The swing, pack & play, and vibrating chair that plays music fill your living room. You weave through the house tripping over toys designed to make your newborn smarter.

Or maybe you actually returned a bassinet because the baby wouldn’t sleep in it—thinking it was the product’s fault that your baby wanted to be with you instead of a ruffly box.

It probably didn’t take long to figure out the baby marketing industry has fed us a line of bull. This industry tries to convince us (and we as nervous moms and dads-to-be, or sleep deprived new parents are so desperate to believe) that if we have enough stuff, we’ll be equipped to handle the challenge of a new baby.

Or that having these “things” will make us a good parent.

And if it’s not the companies that want to sell us something. It may be well-meaning family members and friends. As new parents, we were often told, “Put that baby on a feeding schedule.”  Or we’re asked, “Is he sleeping through the night?” and my favorite, “What does the doctor say about that?”

Build your support network

Generally the people giving you new parent advice mean well. But they can actually sabotage your confidence as a new parent.  By no means should you isolate yourself—that’s a whole other recipe for disaster—but you’ll want to be extremely selective about who you allow into your circle.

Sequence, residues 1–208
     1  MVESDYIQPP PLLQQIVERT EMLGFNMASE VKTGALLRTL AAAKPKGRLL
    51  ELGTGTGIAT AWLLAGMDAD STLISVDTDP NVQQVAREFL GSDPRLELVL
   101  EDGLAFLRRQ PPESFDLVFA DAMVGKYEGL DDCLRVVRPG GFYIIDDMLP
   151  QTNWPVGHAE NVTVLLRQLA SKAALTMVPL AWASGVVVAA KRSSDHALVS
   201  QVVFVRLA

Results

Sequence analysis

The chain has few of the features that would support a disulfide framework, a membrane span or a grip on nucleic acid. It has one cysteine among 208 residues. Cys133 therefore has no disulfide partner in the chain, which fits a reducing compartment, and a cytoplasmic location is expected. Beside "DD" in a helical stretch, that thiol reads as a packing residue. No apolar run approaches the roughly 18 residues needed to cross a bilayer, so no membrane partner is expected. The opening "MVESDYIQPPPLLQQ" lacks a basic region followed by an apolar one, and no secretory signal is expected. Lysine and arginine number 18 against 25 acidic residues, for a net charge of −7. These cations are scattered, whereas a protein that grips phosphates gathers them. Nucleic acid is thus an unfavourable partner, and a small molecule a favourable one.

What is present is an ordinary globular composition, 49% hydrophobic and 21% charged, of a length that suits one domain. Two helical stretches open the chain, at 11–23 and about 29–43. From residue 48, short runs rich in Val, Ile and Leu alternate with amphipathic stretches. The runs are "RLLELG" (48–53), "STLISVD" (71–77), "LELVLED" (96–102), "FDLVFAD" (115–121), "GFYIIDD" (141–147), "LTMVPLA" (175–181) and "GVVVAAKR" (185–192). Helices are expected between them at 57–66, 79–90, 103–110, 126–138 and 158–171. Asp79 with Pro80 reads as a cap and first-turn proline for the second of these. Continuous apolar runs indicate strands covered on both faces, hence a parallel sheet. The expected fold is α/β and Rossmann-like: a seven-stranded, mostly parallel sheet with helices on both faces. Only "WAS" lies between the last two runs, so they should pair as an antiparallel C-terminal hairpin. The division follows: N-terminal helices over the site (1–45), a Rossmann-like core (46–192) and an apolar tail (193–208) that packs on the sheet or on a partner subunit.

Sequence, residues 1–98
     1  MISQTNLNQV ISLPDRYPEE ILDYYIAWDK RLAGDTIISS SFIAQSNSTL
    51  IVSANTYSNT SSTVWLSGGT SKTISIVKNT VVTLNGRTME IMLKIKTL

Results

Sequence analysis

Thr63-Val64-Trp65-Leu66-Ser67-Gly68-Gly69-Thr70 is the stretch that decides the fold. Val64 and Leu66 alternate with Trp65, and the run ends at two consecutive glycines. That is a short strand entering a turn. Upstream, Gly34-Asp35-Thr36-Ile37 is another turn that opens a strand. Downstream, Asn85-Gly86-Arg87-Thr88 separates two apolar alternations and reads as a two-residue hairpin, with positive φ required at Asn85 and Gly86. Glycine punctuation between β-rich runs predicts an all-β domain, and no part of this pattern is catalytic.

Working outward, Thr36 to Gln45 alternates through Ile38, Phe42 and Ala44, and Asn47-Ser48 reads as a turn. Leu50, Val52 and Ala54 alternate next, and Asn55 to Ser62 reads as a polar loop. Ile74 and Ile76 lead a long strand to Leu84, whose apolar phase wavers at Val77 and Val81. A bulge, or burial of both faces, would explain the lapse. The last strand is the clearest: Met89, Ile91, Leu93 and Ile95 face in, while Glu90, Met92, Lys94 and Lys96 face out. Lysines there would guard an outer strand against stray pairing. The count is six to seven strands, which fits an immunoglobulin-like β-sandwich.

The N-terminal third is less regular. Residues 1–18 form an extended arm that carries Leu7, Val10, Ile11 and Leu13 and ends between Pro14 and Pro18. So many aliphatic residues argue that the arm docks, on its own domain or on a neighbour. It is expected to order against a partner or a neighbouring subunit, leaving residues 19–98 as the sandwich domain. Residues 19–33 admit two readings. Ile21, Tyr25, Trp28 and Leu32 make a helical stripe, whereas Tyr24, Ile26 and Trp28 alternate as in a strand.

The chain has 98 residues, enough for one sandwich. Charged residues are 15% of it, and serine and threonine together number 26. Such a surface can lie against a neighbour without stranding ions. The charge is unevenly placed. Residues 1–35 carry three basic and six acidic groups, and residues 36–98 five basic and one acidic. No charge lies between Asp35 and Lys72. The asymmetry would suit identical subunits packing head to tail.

Finding a support network with like-minded new parents can make a real and lasting difference. If you can’t find an existing group through word or mouth or online, here’s how you can build your community. I’ve seen so many helpful, insightful posts on social media about attachment parenting, breastfeeding, non-commercialism, safe toys and organic foods.

Attachment parenting is generally instinctual

When my second son was born, I was exceptionally blessed to have a network of Green Mommy friends who supported me during the early months of breastfeeding and attachment parenting.That’s why your support group is critical.  With our second son, I was surrounded by nursing mothers, babywearing, and attachment or Continuum Concept parenting.

It still wasn’t easy.

After one of those first rough nights home with a newborn, my husband and I told my lactation consultant we were really hoping this baby would learn to sleep on his own and become independent faster than his older brother had. I can still see her face, head tilted to the side and mouth open as she considered her words carefully before responding to these two sleep-deprived people.  Then she said, “But your oldest is such a gracious and content child.  It’s no accident how he became that way.”

Hearing that from someone with an extensive background in birth, nursing, and child development—while we really wanted a magic solution—was actually an affirmation.